Raman spectroscopy relies on the fact that a molecule (or element) when excited by optical illumination has a finite probability of emitting light which is slightly higher (or slightly lower) than the excitation wavelength.
Photons are emitted with a nonstandard wavelength, caused by the original atom/molecule either losing some energy (resulting in a lower-wavelength photon emission – called the “Stokes shift”) or gaining energy (“anti-Stokes”) from a vibrational energy change in the sample. This change in energy is dependent on the type of sample and the excitation wavelength.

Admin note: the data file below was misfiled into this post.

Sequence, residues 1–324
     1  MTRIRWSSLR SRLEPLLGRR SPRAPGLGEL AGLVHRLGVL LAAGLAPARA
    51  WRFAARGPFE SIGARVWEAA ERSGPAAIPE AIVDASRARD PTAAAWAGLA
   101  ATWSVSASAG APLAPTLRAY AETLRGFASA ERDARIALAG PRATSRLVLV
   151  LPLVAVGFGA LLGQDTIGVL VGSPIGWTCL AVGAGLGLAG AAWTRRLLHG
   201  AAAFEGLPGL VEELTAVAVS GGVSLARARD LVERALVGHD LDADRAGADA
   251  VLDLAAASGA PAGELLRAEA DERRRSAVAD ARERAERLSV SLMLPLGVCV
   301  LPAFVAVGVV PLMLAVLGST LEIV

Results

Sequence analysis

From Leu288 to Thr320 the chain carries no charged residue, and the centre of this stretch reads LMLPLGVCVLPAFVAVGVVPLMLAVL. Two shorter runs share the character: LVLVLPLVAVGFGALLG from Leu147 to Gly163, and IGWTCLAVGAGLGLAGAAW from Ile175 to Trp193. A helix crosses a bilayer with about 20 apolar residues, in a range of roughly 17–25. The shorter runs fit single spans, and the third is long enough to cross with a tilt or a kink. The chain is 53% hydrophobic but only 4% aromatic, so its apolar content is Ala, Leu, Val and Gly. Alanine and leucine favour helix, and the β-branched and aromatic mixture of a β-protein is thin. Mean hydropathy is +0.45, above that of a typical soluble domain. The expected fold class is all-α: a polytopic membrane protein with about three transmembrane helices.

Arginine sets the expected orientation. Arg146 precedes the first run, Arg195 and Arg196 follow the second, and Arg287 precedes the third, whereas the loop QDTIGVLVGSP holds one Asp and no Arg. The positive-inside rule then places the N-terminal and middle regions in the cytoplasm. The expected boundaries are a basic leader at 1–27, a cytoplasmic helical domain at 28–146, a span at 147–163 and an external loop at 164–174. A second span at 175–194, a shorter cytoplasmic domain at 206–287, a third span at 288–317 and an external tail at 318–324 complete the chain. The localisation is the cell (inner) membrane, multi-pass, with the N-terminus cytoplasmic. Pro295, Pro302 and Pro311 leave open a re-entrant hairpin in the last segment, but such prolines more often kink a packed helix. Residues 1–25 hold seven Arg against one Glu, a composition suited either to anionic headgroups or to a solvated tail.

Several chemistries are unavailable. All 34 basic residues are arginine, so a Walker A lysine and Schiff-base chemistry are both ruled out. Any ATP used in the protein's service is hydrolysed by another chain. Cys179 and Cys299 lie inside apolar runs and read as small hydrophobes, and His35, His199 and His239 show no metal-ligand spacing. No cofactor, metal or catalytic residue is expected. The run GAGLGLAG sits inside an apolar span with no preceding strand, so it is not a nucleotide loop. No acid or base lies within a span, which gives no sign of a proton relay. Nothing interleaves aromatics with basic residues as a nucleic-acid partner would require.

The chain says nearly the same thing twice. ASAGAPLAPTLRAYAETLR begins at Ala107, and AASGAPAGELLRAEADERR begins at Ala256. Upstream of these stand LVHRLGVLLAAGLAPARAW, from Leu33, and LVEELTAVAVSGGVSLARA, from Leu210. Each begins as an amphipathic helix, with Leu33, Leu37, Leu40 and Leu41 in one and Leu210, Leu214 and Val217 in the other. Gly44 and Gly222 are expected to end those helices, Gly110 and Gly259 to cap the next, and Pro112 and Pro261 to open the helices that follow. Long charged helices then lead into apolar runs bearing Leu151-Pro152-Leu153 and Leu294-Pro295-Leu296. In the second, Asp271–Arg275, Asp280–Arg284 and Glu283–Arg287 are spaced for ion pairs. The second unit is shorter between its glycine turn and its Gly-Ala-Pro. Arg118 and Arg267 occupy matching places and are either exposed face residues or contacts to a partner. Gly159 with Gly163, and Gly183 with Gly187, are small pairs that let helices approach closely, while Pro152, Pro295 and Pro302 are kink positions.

Typically, Raman uses a tightly focused laser beam as the excitation source. Light emitted from the sample is high-pass filtered to remove the laser line and then the intensity as a function of wavelength is measured using a high-resolution spectrometer.
The spectroscopic signature of the Raman signal is often used to identify the type and nature of chemical compounds by comparing the sample signature against reference standards.